Today it is the opposite. President Obama and the Democrats use the issue of same-sex marriage — or gun control or climate change — to try to broaden and deepen their coalition, particularly among younger voters. This coalition, along with the votes of African Americans and Latinos, propelled Obama to reelection in November and it keeps growing larger as the nation’s demographics continue to change.

To reiterate the above question in another way: In the short term, Republicans will make Congressional gains, but in the long term, is there a point at which all of this will matter to the GOP’s prospects?


Republicans plan to use votes for the Senate immigration reform bill to campaign against vulnerable incumbent Democratic Sens. Mark Pryor, Mary Landrieu and Kay Hagan.

And the GOP makeover proceeds apace. Meanwhile, stick this one in the “we’ll believe it when we see it” files.

* CONSERVATIVES COUNTING ON BOEHNER TO KILL IMMIGRATION REFORM: National Journal reports that conservatives are increasingly convinced that House Speaker John Boehner will not allow a vote on the Senate immigration bill, no matter how much support it has.

Again: We already knew the base would resist immigration reform, no matter what’s in it. All that matters in the end is whether enough Republicans privately want it to pass. If so, it will. If not, it won’t. Any predictions now are premature.

* IRS “SCANDAL” UPDATE: Today the acting commissioner of the IRS will appear before a Ways and Means Committee hearing to deliver the latest on the agency’s efforts to address the targeting of political groups. Expect Democrats to push hard to draw out more detail on the targeting of progressive groups we’ve now learned about.

* KEEP AN EYE ON ENDA: Riding the momentum of yesterday’s SCOTUS decisions, Senate Dems will soon push for a Senate vote on the Employment Non-Discrimination Act. This would expand the battle over gay rights into the push to end workplace discrimination, which should in theory be an easier thing for Republicans to accept than the culturally loaded fight over gay marriage. As detailed here recently, if they don’t, this could be an absolutely awful vote for them.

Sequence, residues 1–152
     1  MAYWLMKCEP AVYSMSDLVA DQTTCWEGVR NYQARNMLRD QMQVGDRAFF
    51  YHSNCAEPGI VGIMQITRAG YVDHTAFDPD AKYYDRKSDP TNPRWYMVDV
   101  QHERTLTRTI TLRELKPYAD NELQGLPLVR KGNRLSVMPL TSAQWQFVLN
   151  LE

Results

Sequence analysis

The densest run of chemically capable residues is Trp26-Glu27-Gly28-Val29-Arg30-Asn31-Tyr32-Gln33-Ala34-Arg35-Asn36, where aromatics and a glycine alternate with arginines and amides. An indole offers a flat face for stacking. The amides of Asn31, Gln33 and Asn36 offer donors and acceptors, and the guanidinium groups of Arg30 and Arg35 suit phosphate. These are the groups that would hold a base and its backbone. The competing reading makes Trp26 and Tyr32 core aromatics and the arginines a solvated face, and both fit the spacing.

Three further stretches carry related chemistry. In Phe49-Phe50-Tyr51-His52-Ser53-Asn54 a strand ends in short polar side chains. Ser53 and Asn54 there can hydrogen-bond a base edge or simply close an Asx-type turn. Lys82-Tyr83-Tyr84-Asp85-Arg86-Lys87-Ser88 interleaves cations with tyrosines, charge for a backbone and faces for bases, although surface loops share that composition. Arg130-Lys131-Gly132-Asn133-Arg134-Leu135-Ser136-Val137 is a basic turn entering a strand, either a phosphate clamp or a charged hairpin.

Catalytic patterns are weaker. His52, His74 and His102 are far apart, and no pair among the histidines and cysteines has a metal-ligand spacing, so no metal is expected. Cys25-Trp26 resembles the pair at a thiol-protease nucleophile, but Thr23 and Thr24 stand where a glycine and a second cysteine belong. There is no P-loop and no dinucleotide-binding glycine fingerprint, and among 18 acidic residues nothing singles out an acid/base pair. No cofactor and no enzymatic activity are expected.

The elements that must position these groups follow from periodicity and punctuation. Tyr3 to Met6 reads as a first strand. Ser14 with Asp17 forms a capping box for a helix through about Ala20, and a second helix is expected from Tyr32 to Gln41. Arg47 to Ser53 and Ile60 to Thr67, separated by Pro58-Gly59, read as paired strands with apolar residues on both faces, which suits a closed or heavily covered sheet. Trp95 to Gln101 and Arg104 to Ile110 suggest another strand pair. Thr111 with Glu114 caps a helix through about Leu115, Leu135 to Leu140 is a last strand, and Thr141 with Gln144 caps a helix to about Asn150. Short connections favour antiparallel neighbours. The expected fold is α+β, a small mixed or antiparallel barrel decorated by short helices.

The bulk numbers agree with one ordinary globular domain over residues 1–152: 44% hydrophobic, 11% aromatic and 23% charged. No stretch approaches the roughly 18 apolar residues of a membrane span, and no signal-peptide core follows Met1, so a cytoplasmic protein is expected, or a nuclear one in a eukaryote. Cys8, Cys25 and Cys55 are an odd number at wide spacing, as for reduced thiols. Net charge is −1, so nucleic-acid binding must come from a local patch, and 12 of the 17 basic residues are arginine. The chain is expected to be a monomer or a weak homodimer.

* REALITY CHECK OF THE DAY, SUPREME COURT EDITION: In the wake of yesterday’s Supreme Court victories on gay rights, E.J. Dionne reminds us of the big picture: When it comes to fundamental issues involving economic, political, and corporate power, the Court is shaping a future in which liberals will find the playing field tilted against them. The crucial big picture point:

This is not an argument about what the Constitution says. It is a battle for power. And, despite scattered liberal triumphs, it is a battle that conservatives are winning.

* CHART OF THE DAY, GAY MARRIAGE EDITION: Nate Silver brings the chart showing that this year, nearly 100 million Americans will be living in places where gay marriage is legal. And thanks to the Supreme Court striking down DOMA, all of those marriages will be federally recognized. In large swaths of the country, the cultural and legal shift has already happened, regardless of the long legal battle that still remains against those still standing in the way of the inevitable.


Buzzfeed has a fascinating profile of Glenn Greenwald, of whom a former co-worker says: “If Glenn feels he’s right about something, he doesn’t care if the entire world hates him.”

Glenn Kessler on John Boehner’s dissembling about Obama’s supposed “war on coal.”

Greg Stohr has a nice piece assessing the Supreme Court’s recent decisions, concluding that the court “ended its blockbuster civil-rights term pointing in opposite directions: cutting legal protections for racial minorities even as it bolstered them for gays.”

Rachel Weiner rounds up expert opinion on how the Supreme Court’s DOMA decision will give gay rights advocates a new weapon to undercut state gay marriage bans around the country.

What else?